This Day in History

Posted: Thursday, February 22, 2007

In Alaska

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• In 1972, Juneau-Douglas Community College on Fifth Street was destroyed by fire. Kluane, Nehanni, and Baffin Islands national parks were established.

• In 1975, Anchorage police nearly panicked at the report of the theft of a Boeing 720B airplane from the Anchorage International Airport. But calm returned when it was learned the airplane was a model airplane stolen from Western Airlines.

In the nation

• In 1819, Spain agreed to cede Florida to the U.S. under the Adams-Onis Treaty.

• In 1889, President Grover Cleveland signed an omnibus bill to admit the Dakotas, Montana and Washington state to the Union.

• In 1935, it became illegal for airplanes to fly over the White House.

• In 1980, the U.S. Olympic hockey team upset the Soviets at Lake Placid, N.Y., 4-3. (The U.S. team went on to win the gold medal.)

• In 1997, cutbacks began under new welfare law limiting childless adults, under age 50 and able to work, to three months of food stamps in any three-year period.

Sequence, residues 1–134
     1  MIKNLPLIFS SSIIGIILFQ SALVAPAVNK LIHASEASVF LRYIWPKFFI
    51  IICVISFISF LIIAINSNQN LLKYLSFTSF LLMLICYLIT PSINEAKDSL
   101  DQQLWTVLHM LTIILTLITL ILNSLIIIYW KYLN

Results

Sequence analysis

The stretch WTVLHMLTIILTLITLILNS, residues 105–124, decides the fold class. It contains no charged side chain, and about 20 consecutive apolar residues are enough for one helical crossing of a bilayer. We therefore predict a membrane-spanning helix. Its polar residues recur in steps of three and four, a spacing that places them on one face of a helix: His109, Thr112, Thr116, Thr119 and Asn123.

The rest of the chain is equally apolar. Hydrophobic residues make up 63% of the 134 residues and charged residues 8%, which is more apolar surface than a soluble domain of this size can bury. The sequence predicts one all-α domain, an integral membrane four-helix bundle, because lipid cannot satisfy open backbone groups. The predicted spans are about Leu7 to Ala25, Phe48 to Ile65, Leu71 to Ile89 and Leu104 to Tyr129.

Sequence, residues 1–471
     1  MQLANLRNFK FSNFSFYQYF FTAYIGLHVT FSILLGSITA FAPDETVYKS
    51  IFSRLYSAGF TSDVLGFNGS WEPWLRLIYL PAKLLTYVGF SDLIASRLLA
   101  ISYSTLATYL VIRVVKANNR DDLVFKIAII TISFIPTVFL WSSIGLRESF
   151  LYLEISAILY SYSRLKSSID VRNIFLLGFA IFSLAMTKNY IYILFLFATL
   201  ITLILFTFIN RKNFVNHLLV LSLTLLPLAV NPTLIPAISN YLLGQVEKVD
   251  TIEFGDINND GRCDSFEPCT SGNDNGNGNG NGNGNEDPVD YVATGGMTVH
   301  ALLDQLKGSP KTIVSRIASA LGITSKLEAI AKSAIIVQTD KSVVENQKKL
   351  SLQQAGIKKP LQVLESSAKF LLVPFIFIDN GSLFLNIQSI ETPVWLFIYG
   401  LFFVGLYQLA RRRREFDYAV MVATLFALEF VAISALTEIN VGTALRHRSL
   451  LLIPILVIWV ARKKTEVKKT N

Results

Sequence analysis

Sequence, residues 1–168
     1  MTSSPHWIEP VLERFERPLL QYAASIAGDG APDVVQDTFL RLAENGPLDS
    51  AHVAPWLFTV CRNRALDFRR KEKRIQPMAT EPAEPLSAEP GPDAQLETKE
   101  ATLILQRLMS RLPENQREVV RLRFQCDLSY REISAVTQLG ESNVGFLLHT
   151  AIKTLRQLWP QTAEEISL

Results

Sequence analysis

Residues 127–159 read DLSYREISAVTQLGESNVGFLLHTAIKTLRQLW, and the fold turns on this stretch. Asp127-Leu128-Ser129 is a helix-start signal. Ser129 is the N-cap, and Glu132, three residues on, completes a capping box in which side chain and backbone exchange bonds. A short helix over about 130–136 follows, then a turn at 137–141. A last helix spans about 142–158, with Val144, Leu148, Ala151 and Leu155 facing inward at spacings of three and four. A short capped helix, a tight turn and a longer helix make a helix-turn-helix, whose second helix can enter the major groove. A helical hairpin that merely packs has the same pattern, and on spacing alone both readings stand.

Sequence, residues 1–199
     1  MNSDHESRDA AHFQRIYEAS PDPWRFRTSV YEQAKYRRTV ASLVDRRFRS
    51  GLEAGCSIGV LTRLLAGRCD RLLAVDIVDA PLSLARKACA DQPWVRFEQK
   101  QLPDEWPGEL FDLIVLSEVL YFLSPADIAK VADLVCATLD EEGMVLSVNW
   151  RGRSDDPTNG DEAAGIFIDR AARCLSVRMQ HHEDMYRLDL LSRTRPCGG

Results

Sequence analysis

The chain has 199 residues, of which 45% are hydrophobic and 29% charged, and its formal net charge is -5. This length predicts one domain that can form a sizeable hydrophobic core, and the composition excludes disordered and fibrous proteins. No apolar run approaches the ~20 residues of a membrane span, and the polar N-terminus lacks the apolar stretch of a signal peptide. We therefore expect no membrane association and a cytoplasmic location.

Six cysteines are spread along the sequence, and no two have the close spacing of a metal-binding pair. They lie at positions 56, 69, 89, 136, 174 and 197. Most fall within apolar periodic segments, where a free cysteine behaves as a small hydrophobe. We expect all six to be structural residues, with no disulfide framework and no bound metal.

• In 2002, police in San Diego arrested David Westerfield in connection with the disappearance of 7-year-old Danielle van Dam. (Westerfield was later sentenced to death for Danielle's murder.)

• In 2006, 8 workers at a Nebraska meatpacking plant came forward to claim a $365 million Powerball jackpot.

In the world

• In 1892, "Lady Windermere's Fan" by Oscar Wilde was first performed, at London's St. James's Theater.

• In 1967, more than 25,000 U.S. and South Vietnamese troops launched Operation Junction City, aimed at smashing a Vietcong stronghold near the Cambodian border.

• In 1973, the U.S. and Communist China agreed to establish liaison offices.

• In 2002, the Angolan army and government announced the killing of UNITA leader Jonas Savimbi.

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